Government Official Sentenced to Four Years in Prison for Accepting Bribes
|U.S. Attorney’s Office January 25, 2012|
CINCINNATI—David T. Mersch, 57, the former operations manager for the Cincinnati offices of the U.S. Centers for Disease Control and Prevention (CDC) was sentenced to 48 months’ imprisonment followed by three years of supervised release for accepting bribes from a construction company executive in exchange for awarding construction contracts to the company, California-based Entek Mechanical Corp.
Carter M. Stewart, United States Attorney for the Southern District of Ohio; Edward J. Hanko, Special Agent in Charge, Federal Bureau of Investigation (FBI); and Elton Malone, Special Agent in Charge, Department of Health and Human Services, Office of the Inspector General (HHS-OIG), Office of Investigations, Special Investigations Branch announced the sentence imposed today by Senior U.S. District Judge Herman J. Weber.
Mersch oversaw everything related to the research, maintenance operations, safety, and construction for the three CDC campuses in the Cincinnati area. As part of his duties, he made recommendations for and approved contracts for certain construction and services contracts related to the CDC facilities in Cincinnati.
According to court documents, Mersch, formerly of Florence, Kentucky, solicited and accepted cash payments, paid vacations, and payments to third parties for home improvements for his residence from CDC contractors. Mersch pleaded guilty on July 19, 2011 to one count of bribery. Mersch admitted taking the payments from 2003 until 2011. The value of the payments and benefits is at least $189,181.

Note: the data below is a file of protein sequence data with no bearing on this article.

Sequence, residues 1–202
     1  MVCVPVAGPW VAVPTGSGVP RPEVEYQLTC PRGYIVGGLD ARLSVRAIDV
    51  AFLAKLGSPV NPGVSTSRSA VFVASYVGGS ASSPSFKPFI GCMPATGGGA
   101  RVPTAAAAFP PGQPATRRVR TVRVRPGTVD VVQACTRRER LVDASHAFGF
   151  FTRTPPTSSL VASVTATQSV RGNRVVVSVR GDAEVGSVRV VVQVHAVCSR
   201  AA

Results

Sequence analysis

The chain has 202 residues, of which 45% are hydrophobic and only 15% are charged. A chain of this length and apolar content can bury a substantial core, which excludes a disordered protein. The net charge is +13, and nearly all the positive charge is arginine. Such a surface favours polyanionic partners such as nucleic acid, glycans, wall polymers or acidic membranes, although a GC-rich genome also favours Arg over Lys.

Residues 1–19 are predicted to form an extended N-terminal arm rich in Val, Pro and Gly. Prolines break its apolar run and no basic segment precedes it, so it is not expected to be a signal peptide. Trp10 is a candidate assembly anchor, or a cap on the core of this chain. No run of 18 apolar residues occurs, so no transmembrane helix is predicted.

“Over the course of many years, the defendant abused his official position and accepted bribes from construction contractors, typically in the form of home improvements, vacations, or cash,” Assistant U.S. Attorney Tim Mangan wrote in a sentencing memorandum filed with the court.
“David Mersch conspired to enrich himself at taxpayers’ expense,” said Elton Malone, Special Agent in Charge of the Special Investigations Branch within the Department of Health and Human Services’ Office of Inspector General. “Today’s sentence results from an intolerable, selfish scheme that tarnished the image of hard-working, dedicated federal employees.”
Judge Weber also fined Mersch $1,500, ordered him to forfeit $189,181 and barred him from holding any “office of honor, trust, or profit.”
Paul G. McDonald, 70, of Pleasant Hill, California, a corporate officer for Entek, pleaded guilty in November to one count of bribery. He is scheduled to be sentenced on April 3, 2012.
Stewart commended the cooperative investigation by FBI and HHS inspectors general as well as Assistant U.S. Attorney Mangan. Stewart also said the investigation is continuing.